People often comment that I have the ability to “get to the heart of the issue quickly” or “simplify seemingly complex issues.” When I get comments like this with some frequency, it triggers the question “How did I get here?” For I know that I wasn’t born with this ability.
In my efforts to answer the question “How did I get here?” I realized that the key to developing this ability is a simple two-step process.
Learn to trust that you have the ability to deal with any situation you face. If you doubt that, take a moment and consider this question “When in my life have I failed to deal with a situation in which I had no background or experience?”
If you’re truly honest with yourself, the answer is “Never.” It may not have been pretty and you may not have been successful on the first, second, or even the third iteration, but you got there.
As you learn to trust your ability to deal with anything that comes your way, you become a better listener. You no longer listen with judgment, anticipation or presumption. Our natural tendency is to respond with judgments we’ve made, with what we anticipate the person is going to say, or while presuming what the issue is. None of these serve us or others’ well.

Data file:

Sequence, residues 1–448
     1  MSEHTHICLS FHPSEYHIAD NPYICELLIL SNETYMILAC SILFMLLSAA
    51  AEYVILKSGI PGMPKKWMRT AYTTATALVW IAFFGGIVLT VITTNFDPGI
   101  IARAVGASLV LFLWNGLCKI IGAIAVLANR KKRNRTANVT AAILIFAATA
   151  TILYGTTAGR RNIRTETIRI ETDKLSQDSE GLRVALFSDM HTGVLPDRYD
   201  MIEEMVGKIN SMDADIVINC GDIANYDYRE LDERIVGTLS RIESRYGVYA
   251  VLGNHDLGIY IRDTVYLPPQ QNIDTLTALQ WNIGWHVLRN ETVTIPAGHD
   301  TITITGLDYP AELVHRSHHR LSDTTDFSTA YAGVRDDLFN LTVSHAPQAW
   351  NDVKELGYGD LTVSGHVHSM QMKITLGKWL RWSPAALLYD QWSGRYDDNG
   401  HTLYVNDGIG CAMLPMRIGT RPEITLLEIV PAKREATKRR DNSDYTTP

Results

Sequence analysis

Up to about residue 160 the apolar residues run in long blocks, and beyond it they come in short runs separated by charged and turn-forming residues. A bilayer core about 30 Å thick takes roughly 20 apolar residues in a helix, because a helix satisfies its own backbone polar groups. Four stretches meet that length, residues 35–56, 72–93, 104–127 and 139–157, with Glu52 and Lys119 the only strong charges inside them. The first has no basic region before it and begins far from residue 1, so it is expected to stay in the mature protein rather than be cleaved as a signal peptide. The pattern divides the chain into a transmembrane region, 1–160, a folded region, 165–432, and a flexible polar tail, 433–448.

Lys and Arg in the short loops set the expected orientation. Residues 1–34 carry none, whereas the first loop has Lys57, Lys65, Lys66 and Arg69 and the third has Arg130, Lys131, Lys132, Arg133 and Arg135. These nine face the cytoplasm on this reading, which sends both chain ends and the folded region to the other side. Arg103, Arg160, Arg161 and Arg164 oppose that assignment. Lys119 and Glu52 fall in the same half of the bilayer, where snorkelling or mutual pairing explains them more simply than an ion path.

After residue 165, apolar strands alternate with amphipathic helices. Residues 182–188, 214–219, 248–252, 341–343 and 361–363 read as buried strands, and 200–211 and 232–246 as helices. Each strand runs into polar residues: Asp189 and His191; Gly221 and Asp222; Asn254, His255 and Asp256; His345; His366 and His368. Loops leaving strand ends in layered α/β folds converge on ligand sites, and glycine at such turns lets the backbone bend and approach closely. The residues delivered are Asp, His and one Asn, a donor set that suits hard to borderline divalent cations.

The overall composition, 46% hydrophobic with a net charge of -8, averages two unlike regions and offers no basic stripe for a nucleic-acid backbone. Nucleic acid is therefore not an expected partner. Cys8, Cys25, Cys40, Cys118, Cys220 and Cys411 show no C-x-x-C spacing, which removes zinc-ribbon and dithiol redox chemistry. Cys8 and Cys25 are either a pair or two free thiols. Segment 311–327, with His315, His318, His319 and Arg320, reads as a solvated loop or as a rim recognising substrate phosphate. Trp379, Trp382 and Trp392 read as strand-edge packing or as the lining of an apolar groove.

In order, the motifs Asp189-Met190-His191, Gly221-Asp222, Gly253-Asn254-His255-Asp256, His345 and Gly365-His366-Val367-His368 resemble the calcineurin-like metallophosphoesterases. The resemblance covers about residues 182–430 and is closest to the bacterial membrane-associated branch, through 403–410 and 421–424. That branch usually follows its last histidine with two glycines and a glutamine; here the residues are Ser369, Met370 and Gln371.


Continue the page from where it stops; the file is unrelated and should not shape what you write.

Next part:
When we realize that we can deal with anything effectively, we listen more carefully and allow the speaker to finish before trying to comment. That’s what makes step 1 so powerful. The next question is “What are listening for?”
In the second step you’re listening for incongruity. In other words, you’re listening for:
- Differences between what the person is saying and their behavior
- Conventional wisdom and what you’re observing
- Consensus and contrarian thinking
- Stated values & treatment of others
For it’s in the incongruity that you’ll discover the “heart of the issue” or “the simplicity embedded in seemingly complex concepts.” If I tell you that I want to lose weight while I’m holding a big, juicy burger in one hand and fries in the other, you may want to question my commitment to losing weight.
It’s also the reason that others often say to me “You don’t think like other people do. You look at the world differently than other people do. You see things other people don’t see. Yet what you say makes perfect sense.”
For Our Kids
If you want your kids to be able to see things others don’t see and, in doing so, become valuable to all whom they meet, use this simple two step process. You’ll not only simplify their lives, you’ll give them a huge leg up.
Now, if you really want to help them, you’ll begin using this process yourself. Kids emulate the behaviors of the adults in their lives. You can accelerate their learning, simplify your life and enjoy all the benefits these practices engender. Enjoy!